Realistically, there is no right or wrong answer here. We do not have a crystal ball, and we cannot read the minds of TPG executives. It might well pursue the deployment of a mobile network if the prospect of a merger is killed off all together, but then again, it might just double-down on fixed line investments. It does currently have an MVNO, but that is a poor substitution for a fourth MNO to increase competition.

Elliott’s vultures are circling AT&T

Activist investor Elliott Management has set its eyes on AT&T, suggesting the firm is bloated and undervalued, with ambitions to cut staff, clear out the leadership team and sell-off non-core assets.

In a letter sent to AT&T investors, Partner Jesse Cohn and Associate Portfolio Manager Marc Steinberg have attacked the firm and suggested a drastic turnaround strategy which includes divestments, retail location closures, job cuts and a change in mentality. It does appear shareholders are intrigued by the idea, with share price increasing 6% in pre-market trading.

“The purpose of today’s letter is to share our thoughts on how AT&T can improve its business and realize a historic increase in value for its shareholders,” the letter states.

“Elliott believes that through readily achievable initiatives – increased strategic focus, improved operational efficiency, a formal capital allocation framework, and enhanced leadership and oversight – AT&T can achieve $60+ per share of value by the end of 2021. This represents 65%+ upside to today’s share price – a rare opportunity for any company, let alone one of the world’s largest.”

For those who aren’t familiar with Elliott Management, this is not necessarily a move which is out of character.

Known as a ‘vulture fund’, the team search for businesses which it deems are undervalued and effectively enter to cause chaos. More often than not, the team suggests a complete overhaul of senior managers and a new strategy. This strategy often involves job cuts and asset stripping. Shareholders are brought on board with the promise of increased dividends and a boost in share price.

There are numerous examples where the team has attempted to muscle in on operations, with Telecom Italia (TIM) being the most relevant in recent history. At TIM, Elliott Management has been battling with Vivendi for control and a new strategy, and it does appear to be winning.

In the case of AT&T, Elliott Management is promising a 65% increase in share price by the end of 2021. This is an attractive promise as share price has barely moved over the last five years, from $34.50 on September 12, 2014 to $36.25 at the close of the markets on Friday (September 6, 2019). During this period, a high of $43.28 was experienced on August 12, 2016, and a low of $28.31 on December 21, 2018.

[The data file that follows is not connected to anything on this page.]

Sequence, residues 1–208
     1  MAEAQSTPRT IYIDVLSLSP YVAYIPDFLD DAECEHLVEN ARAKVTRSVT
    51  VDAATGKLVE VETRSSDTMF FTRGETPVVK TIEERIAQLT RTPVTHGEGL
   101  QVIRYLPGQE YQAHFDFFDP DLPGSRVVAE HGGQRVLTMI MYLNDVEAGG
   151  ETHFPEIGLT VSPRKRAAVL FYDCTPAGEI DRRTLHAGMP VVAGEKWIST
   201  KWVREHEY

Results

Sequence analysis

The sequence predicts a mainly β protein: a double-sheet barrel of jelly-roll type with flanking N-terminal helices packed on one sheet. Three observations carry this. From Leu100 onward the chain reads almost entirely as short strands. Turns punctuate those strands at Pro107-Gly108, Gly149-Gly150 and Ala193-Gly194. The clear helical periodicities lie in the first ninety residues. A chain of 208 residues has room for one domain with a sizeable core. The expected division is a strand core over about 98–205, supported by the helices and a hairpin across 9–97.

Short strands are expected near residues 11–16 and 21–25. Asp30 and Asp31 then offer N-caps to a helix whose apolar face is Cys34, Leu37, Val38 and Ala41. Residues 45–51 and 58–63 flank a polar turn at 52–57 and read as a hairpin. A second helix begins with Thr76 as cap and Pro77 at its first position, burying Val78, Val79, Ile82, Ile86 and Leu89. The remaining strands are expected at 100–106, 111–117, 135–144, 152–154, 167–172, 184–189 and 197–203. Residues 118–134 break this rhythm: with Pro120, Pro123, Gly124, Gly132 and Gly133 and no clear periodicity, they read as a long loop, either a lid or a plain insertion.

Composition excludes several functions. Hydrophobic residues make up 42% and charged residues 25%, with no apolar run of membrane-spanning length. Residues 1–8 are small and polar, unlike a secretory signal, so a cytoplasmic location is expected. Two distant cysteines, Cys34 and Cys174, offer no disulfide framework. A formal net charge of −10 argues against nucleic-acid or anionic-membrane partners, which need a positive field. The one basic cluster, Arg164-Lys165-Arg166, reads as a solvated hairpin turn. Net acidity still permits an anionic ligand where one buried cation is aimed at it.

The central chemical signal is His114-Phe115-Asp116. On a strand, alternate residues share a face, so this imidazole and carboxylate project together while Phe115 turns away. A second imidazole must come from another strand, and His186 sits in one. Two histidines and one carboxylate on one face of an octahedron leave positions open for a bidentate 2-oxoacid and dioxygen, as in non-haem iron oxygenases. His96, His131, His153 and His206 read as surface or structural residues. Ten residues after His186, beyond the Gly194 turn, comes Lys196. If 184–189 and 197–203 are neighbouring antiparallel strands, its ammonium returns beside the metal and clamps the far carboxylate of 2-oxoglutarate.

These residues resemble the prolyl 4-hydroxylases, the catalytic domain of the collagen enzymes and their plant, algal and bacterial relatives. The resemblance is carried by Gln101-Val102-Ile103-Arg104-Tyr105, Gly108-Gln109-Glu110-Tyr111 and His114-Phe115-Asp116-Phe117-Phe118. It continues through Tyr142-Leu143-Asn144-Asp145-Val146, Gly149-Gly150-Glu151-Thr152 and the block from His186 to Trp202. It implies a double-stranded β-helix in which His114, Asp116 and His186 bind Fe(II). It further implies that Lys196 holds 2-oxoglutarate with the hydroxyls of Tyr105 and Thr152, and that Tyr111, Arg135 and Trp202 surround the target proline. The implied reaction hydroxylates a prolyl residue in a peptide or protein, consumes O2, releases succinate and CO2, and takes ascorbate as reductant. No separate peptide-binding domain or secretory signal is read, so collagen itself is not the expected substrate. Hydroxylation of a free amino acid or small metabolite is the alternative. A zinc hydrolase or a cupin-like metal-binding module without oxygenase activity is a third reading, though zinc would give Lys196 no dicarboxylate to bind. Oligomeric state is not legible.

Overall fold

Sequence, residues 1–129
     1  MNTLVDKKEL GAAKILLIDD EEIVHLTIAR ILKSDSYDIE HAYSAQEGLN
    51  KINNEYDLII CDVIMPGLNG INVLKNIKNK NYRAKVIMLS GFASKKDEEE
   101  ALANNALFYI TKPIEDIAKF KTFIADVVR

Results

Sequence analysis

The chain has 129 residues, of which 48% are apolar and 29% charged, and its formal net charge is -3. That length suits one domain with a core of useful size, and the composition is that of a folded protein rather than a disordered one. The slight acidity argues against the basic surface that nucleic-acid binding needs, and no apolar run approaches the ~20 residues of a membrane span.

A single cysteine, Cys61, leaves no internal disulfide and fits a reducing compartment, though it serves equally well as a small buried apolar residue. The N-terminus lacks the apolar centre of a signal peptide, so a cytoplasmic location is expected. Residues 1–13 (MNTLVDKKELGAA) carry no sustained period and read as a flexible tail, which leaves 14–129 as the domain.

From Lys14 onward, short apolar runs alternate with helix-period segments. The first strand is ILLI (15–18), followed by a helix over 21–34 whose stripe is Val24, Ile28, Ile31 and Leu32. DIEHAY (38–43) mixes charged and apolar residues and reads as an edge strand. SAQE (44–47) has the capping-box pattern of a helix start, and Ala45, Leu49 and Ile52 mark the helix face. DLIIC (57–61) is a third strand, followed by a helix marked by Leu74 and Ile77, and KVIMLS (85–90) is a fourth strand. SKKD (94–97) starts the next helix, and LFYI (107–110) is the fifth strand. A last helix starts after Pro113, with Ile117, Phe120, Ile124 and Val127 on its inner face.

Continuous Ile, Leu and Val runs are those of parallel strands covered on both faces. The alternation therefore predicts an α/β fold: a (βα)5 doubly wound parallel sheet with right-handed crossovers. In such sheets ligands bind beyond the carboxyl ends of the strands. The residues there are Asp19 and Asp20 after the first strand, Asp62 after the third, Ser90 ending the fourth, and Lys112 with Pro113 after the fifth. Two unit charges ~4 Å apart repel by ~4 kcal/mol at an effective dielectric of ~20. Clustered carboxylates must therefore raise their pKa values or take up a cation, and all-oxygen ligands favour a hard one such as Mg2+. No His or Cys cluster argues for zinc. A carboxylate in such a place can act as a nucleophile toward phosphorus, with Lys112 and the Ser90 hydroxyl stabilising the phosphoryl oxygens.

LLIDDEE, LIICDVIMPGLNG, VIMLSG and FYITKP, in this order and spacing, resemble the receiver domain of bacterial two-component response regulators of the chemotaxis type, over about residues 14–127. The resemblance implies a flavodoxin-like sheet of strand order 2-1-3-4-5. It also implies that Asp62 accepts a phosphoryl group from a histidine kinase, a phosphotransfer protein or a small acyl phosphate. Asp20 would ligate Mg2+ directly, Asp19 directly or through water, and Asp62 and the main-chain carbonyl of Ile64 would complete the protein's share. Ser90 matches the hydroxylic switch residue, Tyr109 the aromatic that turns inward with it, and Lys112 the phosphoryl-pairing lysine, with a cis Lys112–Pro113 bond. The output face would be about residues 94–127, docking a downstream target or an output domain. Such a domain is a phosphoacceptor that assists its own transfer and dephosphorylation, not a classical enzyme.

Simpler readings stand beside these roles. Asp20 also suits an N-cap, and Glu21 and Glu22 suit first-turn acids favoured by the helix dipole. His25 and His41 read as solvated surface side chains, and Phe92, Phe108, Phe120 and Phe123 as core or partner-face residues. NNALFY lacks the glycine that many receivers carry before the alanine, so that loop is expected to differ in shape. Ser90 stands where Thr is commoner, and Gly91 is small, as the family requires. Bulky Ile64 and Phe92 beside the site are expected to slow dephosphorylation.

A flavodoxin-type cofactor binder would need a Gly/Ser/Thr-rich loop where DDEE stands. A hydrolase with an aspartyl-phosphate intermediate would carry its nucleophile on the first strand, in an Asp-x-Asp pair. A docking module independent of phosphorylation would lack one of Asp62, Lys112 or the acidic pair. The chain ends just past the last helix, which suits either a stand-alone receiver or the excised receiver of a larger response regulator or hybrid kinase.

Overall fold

But how do these numbers compare to the share price of AT&T’s rivals over the last five years?

Telco Today 12 Sept, 2014 High Low
AT&T $36.25 $34.50 $43.28 $28.31
Verizon $59.06 $48.40 $60.30 $42.84
T-Mobile US $79.15 $30.83 $84.25 $25.31
Sprint $6.82 $7.00 $9.30 $2.66

Although AT&T is a dominant force in the US telco industry, it has seemingly not capitalised on the 4G revolution in the same way some of its rivals have, most notably T-Mobile US. To rub salt into the wounds, AT&T failed to acquire T-Mobile US in 2011, had to pay the largest break-up fee to date (at the time), and then provided the firm with a seven-year roaming deal and spectrum. This could perhaps be viewed as the turning point for the struggling T-Mobile US.

Another interesting assertion from the Elliott Management team is inability of the AT&T business to act in a timely fashion. This is another point CEO Randall Stephenson should be worried about, as Elliott Management claims AT&T did not deploy 4G aggressively enough and lost out to Verizon in the battle for first place. With 5G on the horizon, investors might well be worried about a repeat.

Ultimately, the biggest criticism is one of poor performance. Despite some very attractive numbers in the 90s and 00s, AT&T hasn’t really pushed on to capitalise on this momentum. In fairness, every telco around the world has suffered over the course of the last decade thanks to the growing influence of the OTTs, but this point has been conveniently ignored in the Cohn and Steinberg letter.

However, it is the acquisition strategy is one of the biggest points made.

“In recent periods, however, AT&T has embarked upon a very different sort of M&A strategy,” the letter states. “Over a series of deals totalling nearly $200 billion, AT&T built a diversified conglomerate by pushing into multiple new markets.

“In each case, the push was as significant as possible. Beginning the decade as a pure-play telecom company with leading wireless and wireline franchises, AT&T has transformed itself into a sprawling collection of businesses battling well-funded competitors, in new markets, with different regulations, and saddled with the financial repercussions of its choices.”

The telco industry has changed in the last decade, and Elliott Management clearly doesn’t agree it is for the better. In the 90s and 00s, acquisitions were connectivity orientated, while recent years have seen an aggressive push into the world of digital services, diversifying products which can be offered to the consumer.

This is one of the critical points the Elliott Management team is levying towards AT&T; its acquisition strategy has not been effective. The failure to merge with T-Mobile US is a critical point, but since that point the team has spend more than $200 billion to create a beast of a business. Some have suggested this was necessary to diversify the business in preparation for the digital economy, however this is not the opinion of Elliott Management.